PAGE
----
Project description:The Japanese murrelet (Synthliboramphus wumizusume) is an endangered small seabird species in Japan. Molecular sexing using PCR targeting of the gene encoding chromodomain helicase DNA-binding protein 1(CHD1) has been used for sex identification. Specifically, PCR using any of three commonly used primer sets (CHD1F/1R, 2550F/2718R and P2/P8) has permitted sexing in many bird species. CHD1F/1R and 2550F/2718R permitted molecular sexing in Japanese murrelet; however, P2/P8 did not permit. To generate a primer pair that permits efficient molecular sexing in this species, a new primer set, CHD1F1/1R1, was prepared to permit amplification of smaller products from degraded DNA samples. The electrophoretic patterns of PCR products amplified with the new primer set were easily classified as female or male. Additionally, the PCR product indicated the presence of a polymorphism in the fragment from chromosome W. The PCR fragments of long-type (WL) and short-type (WS) polymorphisms were observed only in females. When the distribution of the CHD1 gene on chromosome W of 61 female Japanese murrelet on Biroujima Island in Miyazaki Prefecture, WL and WS were observed in 90.2% and 9.8%. The DNA polymorphism is derived from the number of copies of a 32-bp-repeat unit, with WL and WS corresponding to two and one 32-bp-repeats, respectively.
Project description:Few regional or continent-wide assessments of bird use for traditional medicine have been attempted anywhere in the world. Africa has the highest known diversity of bird species used for this purpose. This study assesses the vulnerability of 354 bird species used for traditional medicine in 25 African countries, from 205 genera, 70 families, and 25 orders. The orders most represented were Passeriformes (107 species), Falconiformes (45 species), and Coraciiformes (24 species), and the families Accipitridae (37 species), Ardeidae (15 species), and Bucerotidae (12 species). The Barn owl (Tyto alba) was the most widely sold species (seven countries). The similarity of avifaunal orders traded is high (analogous to "morphospecies", and using Sørensen's index), which suggests opportunities for a common understanding of cultural factors driving demand. The highest similarity was between bird orders sold in markets of Benin vs. Burkina Faso (90%), but even bird orders sold in two geographically separated countries (Benin vs. South Africa and Nigeria vs. South Africa) were 87% and 81% similar, respectively. Rabinowitz's "7 forms of rarity" model, used to group species according to commonness or rarity, indicated that 24% of traded bird species are very common, locally abundant in several habitats, and occur over a large geographical area, but 10% are rare, occur in low numbers in specific habitats, and over a small geographical area. The order with the highest proportion of rare species was the Musophagiformes. An analysis of species mass (as a proxy for size) indicated that large and/or conspicuous species tend to be targeted by harvesters for the traditional medicine trade. Furthermore, based on cluster analyses for species groups of similar risk, vultures, hornbills, and other large avifauna, such as bustards, are most threatened by selective harvesting and should be prioritised for conservation action.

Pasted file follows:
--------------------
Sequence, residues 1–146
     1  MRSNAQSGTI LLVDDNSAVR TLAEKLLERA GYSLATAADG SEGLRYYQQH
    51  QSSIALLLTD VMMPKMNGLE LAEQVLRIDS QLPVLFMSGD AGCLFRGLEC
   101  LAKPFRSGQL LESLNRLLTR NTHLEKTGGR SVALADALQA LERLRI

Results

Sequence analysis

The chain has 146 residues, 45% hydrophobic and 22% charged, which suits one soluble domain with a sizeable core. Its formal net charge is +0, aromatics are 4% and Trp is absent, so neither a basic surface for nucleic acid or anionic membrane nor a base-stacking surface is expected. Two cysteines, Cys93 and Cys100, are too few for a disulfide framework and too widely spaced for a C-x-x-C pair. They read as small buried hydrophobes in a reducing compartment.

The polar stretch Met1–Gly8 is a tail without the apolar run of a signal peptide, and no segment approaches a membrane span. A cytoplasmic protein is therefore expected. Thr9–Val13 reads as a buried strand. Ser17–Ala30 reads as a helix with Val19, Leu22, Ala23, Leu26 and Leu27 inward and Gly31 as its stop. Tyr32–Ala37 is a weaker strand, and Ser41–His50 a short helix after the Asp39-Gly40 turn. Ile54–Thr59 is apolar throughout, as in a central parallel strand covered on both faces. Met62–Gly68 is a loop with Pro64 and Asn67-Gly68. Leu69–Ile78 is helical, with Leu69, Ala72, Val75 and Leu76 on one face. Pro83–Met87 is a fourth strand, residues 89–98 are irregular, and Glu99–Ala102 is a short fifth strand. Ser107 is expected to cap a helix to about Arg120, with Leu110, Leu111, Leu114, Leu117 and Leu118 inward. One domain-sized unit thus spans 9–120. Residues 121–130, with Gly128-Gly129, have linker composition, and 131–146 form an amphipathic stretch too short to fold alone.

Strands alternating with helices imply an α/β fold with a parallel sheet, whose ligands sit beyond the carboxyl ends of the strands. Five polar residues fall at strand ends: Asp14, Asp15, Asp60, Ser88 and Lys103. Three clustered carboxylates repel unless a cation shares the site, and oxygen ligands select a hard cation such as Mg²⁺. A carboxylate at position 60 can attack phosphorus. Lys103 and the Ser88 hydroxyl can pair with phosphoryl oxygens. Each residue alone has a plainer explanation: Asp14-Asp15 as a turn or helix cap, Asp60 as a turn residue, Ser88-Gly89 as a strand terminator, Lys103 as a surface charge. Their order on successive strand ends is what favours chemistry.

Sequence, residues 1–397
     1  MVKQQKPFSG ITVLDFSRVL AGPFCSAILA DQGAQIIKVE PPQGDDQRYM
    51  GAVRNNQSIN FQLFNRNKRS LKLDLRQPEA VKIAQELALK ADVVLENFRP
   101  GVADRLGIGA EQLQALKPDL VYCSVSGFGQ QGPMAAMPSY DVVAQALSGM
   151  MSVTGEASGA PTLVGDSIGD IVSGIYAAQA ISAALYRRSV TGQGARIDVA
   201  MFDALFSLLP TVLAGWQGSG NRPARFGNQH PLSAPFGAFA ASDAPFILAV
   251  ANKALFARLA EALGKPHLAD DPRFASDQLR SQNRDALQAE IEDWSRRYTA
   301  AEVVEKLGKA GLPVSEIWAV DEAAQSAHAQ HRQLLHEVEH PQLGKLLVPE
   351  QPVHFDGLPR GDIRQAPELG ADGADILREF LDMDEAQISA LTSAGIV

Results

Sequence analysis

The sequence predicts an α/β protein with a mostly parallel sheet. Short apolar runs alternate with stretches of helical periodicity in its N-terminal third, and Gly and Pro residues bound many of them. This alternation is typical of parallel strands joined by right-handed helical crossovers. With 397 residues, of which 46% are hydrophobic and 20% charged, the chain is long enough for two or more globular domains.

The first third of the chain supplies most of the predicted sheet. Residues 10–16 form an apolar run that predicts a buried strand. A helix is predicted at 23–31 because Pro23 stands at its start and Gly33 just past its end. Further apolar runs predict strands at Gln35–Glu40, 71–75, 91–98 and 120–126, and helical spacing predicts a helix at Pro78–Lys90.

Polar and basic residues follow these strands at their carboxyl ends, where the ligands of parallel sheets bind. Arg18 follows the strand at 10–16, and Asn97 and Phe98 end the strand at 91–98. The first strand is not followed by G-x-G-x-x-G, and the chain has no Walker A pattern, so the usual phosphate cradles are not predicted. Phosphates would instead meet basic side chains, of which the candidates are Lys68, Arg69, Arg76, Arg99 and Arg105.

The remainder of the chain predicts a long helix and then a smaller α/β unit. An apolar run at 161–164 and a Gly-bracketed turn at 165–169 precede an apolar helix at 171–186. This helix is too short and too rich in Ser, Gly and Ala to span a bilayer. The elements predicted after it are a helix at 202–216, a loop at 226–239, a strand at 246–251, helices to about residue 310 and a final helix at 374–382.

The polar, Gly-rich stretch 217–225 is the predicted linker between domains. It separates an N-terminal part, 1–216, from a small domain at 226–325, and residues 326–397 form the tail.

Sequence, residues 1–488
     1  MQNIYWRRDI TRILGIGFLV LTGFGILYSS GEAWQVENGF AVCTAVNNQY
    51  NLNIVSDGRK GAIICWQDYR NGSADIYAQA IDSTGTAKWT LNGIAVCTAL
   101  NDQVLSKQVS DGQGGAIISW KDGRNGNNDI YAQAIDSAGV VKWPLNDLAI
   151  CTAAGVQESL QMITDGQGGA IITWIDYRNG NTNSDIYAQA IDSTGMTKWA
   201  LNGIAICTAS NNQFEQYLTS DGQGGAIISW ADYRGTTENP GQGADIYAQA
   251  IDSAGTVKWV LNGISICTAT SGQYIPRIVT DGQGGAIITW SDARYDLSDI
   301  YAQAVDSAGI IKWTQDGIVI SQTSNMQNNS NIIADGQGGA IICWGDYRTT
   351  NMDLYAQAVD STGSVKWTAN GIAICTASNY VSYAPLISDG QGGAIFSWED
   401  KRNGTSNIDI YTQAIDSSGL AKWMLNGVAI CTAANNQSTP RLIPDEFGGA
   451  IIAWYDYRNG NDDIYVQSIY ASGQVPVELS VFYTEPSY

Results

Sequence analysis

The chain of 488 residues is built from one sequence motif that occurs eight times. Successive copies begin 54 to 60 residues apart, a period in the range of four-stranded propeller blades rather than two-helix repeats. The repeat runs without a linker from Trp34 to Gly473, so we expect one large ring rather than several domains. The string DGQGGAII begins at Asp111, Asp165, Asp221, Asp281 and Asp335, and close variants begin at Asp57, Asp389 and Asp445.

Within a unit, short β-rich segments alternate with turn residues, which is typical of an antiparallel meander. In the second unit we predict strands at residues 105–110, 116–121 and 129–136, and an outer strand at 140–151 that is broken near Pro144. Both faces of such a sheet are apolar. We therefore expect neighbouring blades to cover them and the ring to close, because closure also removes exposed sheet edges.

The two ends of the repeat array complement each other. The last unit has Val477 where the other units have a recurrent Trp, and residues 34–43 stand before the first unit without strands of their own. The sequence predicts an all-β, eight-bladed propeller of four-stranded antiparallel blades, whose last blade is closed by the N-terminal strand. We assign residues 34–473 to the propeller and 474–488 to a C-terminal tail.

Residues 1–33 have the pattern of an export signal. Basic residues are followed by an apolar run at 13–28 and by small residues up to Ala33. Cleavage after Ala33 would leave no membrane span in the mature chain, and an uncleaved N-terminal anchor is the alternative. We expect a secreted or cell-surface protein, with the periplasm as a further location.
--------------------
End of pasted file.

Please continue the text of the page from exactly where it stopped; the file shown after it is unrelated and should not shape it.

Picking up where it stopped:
Project description:Avian chlamydiosis is a zoonotic disease occurring in humans, poultry, and exotic birds. It has been suggested that some wild bird species play an important role as reservoirs for Chlamydia, especially Chlamydia psittaci. Whereas C. psittaci is the predominant chlamydial agent in birds, in the present study we have determined the prevalence of different species of Chlamydia among selected wild bird species in Poland using a rapid and sensitive real-time PCR method. In total, 369 free-living birds from 35 bird species and 15 orders were examined. Samples from 27 birds (7.3%) were positive for chlamydial DNA in the PCR; 22 positive samples (81.5%) belonged to C. psittaci, three to Chlamydia trachomatis (11.1%), and two (7.4%) classified only to the genus Chlamydia. Most of C. psittaci-positive samples belonged to five orders: Anseriformes, Columbiformes, Gruiformes, Phasianiformes, and Passeriformes. All C. trachomatis samples were obtained from Eurasian coots (Gruiformes). Two Chlamydia-positive samples not classified to any Chlamydia species were obtained from a common wood pigeon (Columbiformes) and a common buzzard (Accipitriformes). Detection of C. psittaci and C. trachomatis in free-living bird populations force to think on significance of birds as reservoir of varied Chlamydia species and their epidemiological importance.
Project description:The Collared Crow (<i>Corvus pectoralis</i>), in the order Passeriformes, it widely distributed in large areas encompassing China and northern Vietnam. It is a vulnerable bird that is of international concern. In this study, we first sequenced and described the complete mitochondrial genome and phylogeny of <i>C. pectoralis</i>. The results showed that the whole genome of <i>C. pectoralis</i> was 16,857?bp long and contains 13 PCGs, 2 ribosomal RNA genes, 23 transfer RNA genes, and 1 loop region. The overall base composition of the mitochondrial DNA was 31.13% for A, 29.52% for C, 24.46% for T, and 14.89% for G, with a GC content of 44.41%. The phylogenetic tree showed that <i>C. pectoralis</i> was clustered with <i>C. brachyrhynchos</i> and then together with other two crows in family Passeriformes. This information will be useful in the current understanding of the phylogeny and evolution of Passeriformes.